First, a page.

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Find out how to create compelling architectural designs using the modeling tools in Autodesk Revit software. In this course, author Paul F. Aubin demonstrates the entire building information modeling (BIM) workflow, from creating the design model to publishing a completed project. The course also covers navigating the Revit interface; modeling basic building features such as walls, doors, and windows; working with sketch-based components such as roofs and stairs; annotating designs with dimensions and callouts; and plotting and exporting your drawings.
You've built your Revit model, you've added notes and annotation, and even added a detail or two. Now it's time to prepare your file for final output. The most common way to output a file in Revit, or any other program, is to simply print it. You can certainly print directly from any view you happen to be in onscreen and you can even plot several views at one time; however, the more professional way to print, and the most typical way to print in architectural projects, is to prepare a set of sheets. So in this movie, we're going to look at the creation of sheets, and I'm in a file called Adding Sheets for this purpose.
Now I'm just looking at a Level 1 Floor Plan right here, but what I want to do is scroll down on the Project Browser to the Sheets branch of the browser. And if you recall when we started this project earlier in the course, we started with a template that already had sheets in it, so that's a great way to get a leg up on the work that's required to build sheets. And you can see that there are several in here. There's a Floor Plan sheet and Reflected Ceiling Plan and so on, and I can open any of these and see how they've progressed. So my Floor Plan sheet includes my first and second floor plan and as you can see, they have kept up with our changes quite nicely.
So everything is reflected on there. So let's look specifically at a few of the items. I want to focus your attention here on the section marks. Notice that this one says 1 on A6 and this one says 2 on A6. This one doesn't say anything at all. When you put a view on a sheet, Revit automatically fills in the references. It numbers the drawing and it fills in the references to the sheet. These two say they're on sheet A6. So if we scroll down here, there's my Building Sections sheet.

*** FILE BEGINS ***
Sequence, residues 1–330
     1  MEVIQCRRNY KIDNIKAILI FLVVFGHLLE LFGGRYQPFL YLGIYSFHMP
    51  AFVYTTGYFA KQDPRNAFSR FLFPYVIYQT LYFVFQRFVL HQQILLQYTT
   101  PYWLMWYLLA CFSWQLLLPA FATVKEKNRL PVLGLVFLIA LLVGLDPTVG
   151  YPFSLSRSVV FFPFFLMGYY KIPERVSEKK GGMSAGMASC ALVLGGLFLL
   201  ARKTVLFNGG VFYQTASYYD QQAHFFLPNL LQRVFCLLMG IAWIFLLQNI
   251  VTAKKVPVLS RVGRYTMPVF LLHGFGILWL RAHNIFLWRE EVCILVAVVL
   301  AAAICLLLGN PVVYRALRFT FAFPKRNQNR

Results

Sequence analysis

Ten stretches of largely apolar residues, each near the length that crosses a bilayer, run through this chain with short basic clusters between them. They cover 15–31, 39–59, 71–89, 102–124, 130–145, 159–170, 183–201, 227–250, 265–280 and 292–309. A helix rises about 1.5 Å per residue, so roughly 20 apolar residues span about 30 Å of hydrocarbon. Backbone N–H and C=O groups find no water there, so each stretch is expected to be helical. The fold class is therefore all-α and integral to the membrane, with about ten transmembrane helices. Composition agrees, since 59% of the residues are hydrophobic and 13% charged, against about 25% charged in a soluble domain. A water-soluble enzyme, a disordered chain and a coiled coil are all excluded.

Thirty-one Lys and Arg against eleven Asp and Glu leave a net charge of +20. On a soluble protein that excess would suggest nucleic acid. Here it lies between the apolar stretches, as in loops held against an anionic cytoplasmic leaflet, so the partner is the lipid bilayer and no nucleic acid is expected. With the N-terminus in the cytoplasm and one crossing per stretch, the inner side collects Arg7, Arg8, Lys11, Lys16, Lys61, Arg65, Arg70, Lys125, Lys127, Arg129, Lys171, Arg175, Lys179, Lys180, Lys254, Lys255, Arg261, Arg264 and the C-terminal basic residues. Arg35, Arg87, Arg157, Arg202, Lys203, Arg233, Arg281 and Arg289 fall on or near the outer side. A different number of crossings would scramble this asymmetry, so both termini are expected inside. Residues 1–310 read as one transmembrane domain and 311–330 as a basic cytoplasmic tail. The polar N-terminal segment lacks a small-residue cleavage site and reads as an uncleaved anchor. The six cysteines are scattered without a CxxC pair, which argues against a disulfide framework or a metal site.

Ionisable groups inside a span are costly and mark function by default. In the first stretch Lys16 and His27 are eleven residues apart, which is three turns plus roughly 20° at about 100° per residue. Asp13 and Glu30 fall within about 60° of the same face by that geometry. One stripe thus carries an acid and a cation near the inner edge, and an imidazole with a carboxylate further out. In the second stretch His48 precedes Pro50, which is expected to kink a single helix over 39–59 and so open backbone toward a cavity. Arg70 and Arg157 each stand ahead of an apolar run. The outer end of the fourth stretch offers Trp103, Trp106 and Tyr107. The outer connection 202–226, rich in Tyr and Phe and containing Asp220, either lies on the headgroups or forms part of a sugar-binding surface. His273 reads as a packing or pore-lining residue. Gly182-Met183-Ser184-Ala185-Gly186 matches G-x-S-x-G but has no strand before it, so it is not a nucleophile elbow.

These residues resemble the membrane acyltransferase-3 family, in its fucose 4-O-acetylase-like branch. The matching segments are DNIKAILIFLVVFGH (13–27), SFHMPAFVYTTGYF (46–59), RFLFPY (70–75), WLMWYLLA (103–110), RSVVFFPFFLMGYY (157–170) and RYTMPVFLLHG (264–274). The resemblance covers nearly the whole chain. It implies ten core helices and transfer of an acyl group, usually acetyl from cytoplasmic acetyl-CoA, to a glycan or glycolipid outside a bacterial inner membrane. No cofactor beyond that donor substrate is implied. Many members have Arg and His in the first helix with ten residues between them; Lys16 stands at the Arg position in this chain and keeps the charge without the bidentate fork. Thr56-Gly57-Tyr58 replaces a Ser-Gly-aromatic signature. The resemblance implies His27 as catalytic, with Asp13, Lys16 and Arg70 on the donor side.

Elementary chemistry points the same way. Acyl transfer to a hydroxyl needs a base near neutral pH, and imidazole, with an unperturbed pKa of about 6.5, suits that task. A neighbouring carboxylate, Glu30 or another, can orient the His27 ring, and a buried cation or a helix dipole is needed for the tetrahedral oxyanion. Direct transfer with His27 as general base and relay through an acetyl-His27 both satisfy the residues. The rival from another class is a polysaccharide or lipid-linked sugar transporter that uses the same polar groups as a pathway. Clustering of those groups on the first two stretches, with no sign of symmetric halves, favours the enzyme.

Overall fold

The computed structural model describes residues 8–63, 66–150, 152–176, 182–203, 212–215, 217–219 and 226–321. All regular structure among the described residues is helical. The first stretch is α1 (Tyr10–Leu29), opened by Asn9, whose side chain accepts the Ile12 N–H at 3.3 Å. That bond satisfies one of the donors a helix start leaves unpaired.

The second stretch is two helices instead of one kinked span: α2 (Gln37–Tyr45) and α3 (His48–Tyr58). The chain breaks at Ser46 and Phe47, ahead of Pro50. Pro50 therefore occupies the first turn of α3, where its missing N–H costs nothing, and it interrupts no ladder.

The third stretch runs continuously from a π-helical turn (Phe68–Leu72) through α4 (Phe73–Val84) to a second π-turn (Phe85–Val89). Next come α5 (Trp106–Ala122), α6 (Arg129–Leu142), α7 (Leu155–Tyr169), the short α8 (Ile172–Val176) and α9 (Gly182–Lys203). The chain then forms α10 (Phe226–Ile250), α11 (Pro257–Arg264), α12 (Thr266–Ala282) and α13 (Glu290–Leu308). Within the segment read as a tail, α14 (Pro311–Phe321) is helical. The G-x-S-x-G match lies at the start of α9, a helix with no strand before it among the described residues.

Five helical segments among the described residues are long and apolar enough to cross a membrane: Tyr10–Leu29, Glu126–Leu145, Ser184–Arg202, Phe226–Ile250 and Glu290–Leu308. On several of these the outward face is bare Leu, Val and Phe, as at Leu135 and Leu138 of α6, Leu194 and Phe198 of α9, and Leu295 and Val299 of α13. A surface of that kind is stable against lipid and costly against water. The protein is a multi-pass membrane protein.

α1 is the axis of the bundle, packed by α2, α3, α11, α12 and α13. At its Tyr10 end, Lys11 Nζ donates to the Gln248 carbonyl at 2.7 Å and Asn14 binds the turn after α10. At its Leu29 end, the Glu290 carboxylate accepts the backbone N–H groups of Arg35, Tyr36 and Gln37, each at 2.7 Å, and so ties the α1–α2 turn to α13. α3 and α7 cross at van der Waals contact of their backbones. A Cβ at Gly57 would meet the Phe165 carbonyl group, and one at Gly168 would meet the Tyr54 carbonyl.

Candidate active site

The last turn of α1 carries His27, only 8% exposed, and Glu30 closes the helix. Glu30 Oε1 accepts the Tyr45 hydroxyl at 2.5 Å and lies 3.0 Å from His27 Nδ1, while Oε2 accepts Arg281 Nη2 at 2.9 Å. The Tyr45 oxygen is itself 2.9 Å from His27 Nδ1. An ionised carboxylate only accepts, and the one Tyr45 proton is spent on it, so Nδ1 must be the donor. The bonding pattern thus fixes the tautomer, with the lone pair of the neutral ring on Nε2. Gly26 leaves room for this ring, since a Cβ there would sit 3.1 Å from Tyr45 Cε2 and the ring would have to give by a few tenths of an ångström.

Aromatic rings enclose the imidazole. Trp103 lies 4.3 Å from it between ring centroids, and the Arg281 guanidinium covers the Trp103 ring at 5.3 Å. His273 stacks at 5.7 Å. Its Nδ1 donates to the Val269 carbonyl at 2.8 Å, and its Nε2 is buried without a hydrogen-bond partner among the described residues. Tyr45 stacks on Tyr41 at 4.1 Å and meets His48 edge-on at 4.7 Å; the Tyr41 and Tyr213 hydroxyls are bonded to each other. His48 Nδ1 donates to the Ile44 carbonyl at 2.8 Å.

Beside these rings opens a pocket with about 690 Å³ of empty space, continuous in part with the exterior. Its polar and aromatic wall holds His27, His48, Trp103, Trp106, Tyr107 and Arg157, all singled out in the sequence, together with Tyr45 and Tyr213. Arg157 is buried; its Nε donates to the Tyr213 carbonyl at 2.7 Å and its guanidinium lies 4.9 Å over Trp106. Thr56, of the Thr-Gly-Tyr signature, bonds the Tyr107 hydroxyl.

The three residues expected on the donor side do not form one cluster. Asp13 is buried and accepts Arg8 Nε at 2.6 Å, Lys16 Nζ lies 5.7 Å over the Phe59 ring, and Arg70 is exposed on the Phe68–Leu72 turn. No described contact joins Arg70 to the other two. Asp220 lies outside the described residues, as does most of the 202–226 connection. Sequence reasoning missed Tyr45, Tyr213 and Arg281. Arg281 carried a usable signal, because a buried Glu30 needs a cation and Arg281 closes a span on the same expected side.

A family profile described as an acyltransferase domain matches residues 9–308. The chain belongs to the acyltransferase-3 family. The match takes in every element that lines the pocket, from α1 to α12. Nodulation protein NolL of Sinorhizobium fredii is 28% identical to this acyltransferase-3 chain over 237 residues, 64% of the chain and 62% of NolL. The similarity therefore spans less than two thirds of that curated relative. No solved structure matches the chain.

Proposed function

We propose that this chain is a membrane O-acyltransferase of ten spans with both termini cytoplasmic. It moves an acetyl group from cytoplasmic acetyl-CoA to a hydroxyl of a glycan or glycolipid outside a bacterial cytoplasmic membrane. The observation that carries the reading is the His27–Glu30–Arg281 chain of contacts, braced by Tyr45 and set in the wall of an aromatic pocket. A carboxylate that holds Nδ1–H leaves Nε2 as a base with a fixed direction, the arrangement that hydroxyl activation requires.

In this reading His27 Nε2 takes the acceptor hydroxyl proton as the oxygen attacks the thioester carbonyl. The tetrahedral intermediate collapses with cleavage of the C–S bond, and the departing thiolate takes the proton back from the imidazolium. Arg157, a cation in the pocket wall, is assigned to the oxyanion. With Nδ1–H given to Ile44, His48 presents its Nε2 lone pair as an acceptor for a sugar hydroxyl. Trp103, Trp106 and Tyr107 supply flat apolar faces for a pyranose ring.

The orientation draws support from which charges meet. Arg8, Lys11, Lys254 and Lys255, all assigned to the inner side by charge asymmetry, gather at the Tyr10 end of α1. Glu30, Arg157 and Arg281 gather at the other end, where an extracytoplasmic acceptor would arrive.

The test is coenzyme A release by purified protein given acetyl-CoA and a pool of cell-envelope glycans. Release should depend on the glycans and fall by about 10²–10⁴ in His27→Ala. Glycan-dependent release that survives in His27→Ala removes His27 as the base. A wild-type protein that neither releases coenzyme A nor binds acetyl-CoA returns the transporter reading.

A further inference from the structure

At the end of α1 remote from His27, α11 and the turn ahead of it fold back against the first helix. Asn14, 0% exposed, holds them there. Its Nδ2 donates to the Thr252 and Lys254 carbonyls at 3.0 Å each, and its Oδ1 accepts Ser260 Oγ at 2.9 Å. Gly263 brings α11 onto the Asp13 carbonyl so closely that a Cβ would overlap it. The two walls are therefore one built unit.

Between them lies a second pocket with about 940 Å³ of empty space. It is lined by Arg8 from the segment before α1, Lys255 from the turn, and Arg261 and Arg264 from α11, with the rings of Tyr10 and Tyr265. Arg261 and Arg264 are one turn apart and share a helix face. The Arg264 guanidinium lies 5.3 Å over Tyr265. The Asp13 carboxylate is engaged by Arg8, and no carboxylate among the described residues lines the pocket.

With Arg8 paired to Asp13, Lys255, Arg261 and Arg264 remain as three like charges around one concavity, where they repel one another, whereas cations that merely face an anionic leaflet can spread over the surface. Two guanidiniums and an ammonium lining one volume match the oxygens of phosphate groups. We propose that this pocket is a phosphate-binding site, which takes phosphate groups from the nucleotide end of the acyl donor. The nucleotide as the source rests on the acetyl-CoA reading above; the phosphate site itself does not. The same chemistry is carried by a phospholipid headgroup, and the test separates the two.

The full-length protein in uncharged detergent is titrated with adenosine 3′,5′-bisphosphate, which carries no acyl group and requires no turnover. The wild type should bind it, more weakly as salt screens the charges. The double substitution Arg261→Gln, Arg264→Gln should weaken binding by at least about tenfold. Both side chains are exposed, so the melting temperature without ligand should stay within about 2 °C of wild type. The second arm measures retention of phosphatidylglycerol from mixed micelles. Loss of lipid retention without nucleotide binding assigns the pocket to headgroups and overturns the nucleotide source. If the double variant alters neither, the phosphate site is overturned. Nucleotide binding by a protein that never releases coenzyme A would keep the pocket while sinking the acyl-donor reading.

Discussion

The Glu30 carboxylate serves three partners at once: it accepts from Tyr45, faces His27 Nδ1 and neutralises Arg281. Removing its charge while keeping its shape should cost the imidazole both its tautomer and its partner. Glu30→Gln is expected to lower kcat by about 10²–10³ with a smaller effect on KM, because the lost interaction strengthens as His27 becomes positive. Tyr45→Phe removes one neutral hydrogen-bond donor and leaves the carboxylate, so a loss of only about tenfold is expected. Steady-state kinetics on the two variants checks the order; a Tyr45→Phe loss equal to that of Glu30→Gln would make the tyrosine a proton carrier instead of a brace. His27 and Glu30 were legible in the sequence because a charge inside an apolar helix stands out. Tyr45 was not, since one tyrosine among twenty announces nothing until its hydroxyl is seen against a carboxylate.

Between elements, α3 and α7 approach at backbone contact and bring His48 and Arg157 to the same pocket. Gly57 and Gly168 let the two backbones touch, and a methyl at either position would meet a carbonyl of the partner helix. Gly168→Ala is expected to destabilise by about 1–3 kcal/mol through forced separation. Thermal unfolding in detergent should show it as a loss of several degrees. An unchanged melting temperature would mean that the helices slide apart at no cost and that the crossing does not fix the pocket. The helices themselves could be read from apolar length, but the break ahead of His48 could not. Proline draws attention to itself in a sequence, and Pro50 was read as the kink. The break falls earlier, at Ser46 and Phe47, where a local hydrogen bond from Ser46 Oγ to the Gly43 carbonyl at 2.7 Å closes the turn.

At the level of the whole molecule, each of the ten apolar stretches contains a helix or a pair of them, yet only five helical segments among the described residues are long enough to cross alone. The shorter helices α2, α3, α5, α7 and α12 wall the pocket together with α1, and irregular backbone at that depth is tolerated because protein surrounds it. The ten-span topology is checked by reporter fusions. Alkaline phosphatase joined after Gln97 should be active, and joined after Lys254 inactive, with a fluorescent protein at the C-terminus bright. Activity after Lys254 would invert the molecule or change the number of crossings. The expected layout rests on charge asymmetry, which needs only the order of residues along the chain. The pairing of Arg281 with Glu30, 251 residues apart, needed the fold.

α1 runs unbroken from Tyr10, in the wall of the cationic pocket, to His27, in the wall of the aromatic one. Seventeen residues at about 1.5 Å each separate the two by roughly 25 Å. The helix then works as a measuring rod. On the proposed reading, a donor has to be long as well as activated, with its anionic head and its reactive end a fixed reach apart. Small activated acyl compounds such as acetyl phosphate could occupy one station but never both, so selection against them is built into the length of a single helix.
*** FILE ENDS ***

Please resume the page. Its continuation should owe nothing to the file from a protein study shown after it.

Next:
I'm going to double-click and open that, and you can see section number one and section number two. Now we've got another section here in our project, and perhaps I want to add it to this sheet. So if I scroll up over here, here under Sections, I have Section at Stair, and maybe I want to add that one to the sheet as well. There's a couple of ways I can do that. The first way is to simply drag and drop it from Project Browser. So I'm going to grab it, drag. You see the little plus sign on my cursor? Let go, place that view where I want it to go on the sheet, and if I zoom in, you'll see that Revit automatically numbered that one as number three.
If I go back to my A1 - Floor Plans, notice that this designation has filled in as well, as number three. Now, suppose for whatever reason my team has decided that they want to renumber these sections on the sheet. Maybe instead of going one, two, three, I want it to go one, two, and then three. You can do that on the Properties palette. So if I select this view, over here on the Properties palette is a Detail Number field. Now, I can't just make that 2 because I'll get an error message saying that that number is already in use, so I'll have to cancel there.
So what I'm going to do is temporarily make that 4. Then I'll select this one, make that three, which is now available, and then go back to the original one and make that 2. So it's a little bit of a workaround, but it does the job. So now I have 1, 2, and 3, and if I go back to the A1 - Floor Plans, you can now see that all of these section marks have updated themselves accordingly. It's very powerful. Revit fills in all of that information for us automatically.